Preserving Hobby History
Dive into the storied archives of the Benjamin K. Edwards Collection at the Library of Congress with Sara Duke, curator of Popular and Applied Graphic Art. Duke breaks down the Library of Congress’ collection, along with how and why our nation’s library preserves trading cards. According to Duke, cards illustrate more than just the statistics of the players they portray – they echo the culture of their eras, reflecting shifts in design, technology, advertising, and fandom. Get ready for another exciting installment of one of Collector Stories.
Please introduce yourself.
My name is Sara Duke, and I am the curator of popular and Applied Graphic Art in the Prints and Photographs Division of the Library of Congress.
When you say graphic arts, are we talking about baseball cards?
Absolutely. One of the fun parts of my job is collecting baseball cards.
So, what is the Benjamin K. Edwards Collection?
One of the key parts of our baseball card collection is the Benjamin K. Edwards collection. It’s the linchpin of our Prints and Photographs Division collection. It’s what put us on the map. But it’s more than baseball cards. Baseball forms about 2000 cards of the 10,000 cards in the collection. Benjamin K. Edwards was a businessman originally from Chicago, and he ended up in California. Remember, Edwards lived in a pre-internet, pre-eBay world. He wrote letters to collectors of his day, including Jefferson Burdick, and painstakingly created lists for different series of cards and tracked them down. It was the thrill of the hunt.
Why did the Library of Congress want to acquire this collection?
The Library of Congress probably collected the collection because [famous American poet] Carl Sandburg gave it to the library. We don’t know if Carl Sandburg was a big baseball card or trading card collector himself. His daughter worked in the manuscript division here, and that’s probably why he chose the Library of Congress.
Why did the Library of Congress digitize the baseball cards in the Edwards Collection?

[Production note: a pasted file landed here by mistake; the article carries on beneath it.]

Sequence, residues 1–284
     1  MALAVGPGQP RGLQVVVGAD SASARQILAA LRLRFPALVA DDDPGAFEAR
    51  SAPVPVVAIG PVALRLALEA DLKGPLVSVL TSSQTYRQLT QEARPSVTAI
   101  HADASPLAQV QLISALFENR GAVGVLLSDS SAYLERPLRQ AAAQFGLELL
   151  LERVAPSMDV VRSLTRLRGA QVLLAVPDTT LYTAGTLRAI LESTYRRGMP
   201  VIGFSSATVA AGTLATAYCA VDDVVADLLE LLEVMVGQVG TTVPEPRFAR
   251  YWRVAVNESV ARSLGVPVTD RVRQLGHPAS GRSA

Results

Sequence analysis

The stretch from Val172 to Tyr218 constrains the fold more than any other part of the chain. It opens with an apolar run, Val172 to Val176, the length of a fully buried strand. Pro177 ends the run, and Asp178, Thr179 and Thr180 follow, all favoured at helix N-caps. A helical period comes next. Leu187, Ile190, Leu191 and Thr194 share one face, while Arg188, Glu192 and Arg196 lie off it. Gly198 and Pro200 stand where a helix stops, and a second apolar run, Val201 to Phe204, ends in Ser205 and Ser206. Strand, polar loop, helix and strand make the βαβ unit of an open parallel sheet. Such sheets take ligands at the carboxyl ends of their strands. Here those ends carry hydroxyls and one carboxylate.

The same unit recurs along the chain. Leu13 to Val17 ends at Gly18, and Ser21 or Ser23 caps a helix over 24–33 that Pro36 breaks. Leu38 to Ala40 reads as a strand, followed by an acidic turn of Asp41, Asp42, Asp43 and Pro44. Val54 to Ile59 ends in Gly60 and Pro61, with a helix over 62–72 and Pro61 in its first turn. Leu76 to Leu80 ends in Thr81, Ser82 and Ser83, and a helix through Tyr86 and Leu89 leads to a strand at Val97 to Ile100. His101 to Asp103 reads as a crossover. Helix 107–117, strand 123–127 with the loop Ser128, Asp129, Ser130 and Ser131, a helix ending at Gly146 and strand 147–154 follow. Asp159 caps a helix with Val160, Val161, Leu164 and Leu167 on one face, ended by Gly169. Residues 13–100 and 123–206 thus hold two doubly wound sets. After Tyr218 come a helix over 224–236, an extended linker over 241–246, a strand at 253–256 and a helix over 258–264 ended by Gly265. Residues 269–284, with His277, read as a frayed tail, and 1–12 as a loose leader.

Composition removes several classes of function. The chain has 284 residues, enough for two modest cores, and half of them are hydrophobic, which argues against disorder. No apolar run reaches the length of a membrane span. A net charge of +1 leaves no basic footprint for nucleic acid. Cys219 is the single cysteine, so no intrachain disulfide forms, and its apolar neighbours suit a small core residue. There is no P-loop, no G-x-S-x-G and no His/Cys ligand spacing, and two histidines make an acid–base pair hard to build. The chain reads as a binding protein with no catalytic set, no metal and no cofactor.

We chose to digitize the baseball cards because that’s the popular element that people know the most. Also, baseball has such a statistical and rich history. People document players, people track which teams they play for in a way that doesn’t happen for the other types of trading cards in the collection – fish, flags of the world, famous actresses, and the like.
What do baseball cards, specifically those in the Edwards Collection, tell us about American Culture?
Anytime you acquire a collection of cards, you must ask: Who appears on the card? How was the card marketed? Is there advertising on the back? The answers to these questions help to locate the card and the reason for the card’s existence in a particular historical moment. Just as important as who or what is pictured on the card, how the card was produced – the printing process – is just as important. For example, without the development of the chromolithograph, the rise of baseball cards would not have happened.
How could someone donate a collection to the Library of Congress?
We often receive offers from collectors. For example, the brother of somebody who had assiduously collected baseball cards from 1974 until 2019 contacted us and asked if we’d be interested in the collection. I had been asking for sets of cards since 2005, and I had only ever received a set from 1992. So when the brother reached out with the opportunity to take in 50 years of sets of cards in one group, I said yes. All told, we now have this magnificent collection of 46,000 baseball cards from 1974 to 2019.
Last but not least, Do you have a favorite card?
I really love the die-cut cards in the Benjamin K. Edwards collection because they’re so much fun. I also love the golf cards, because they’re a lot of fun, too. But you know, you can’t love just one thing because it’s like having a favorite child.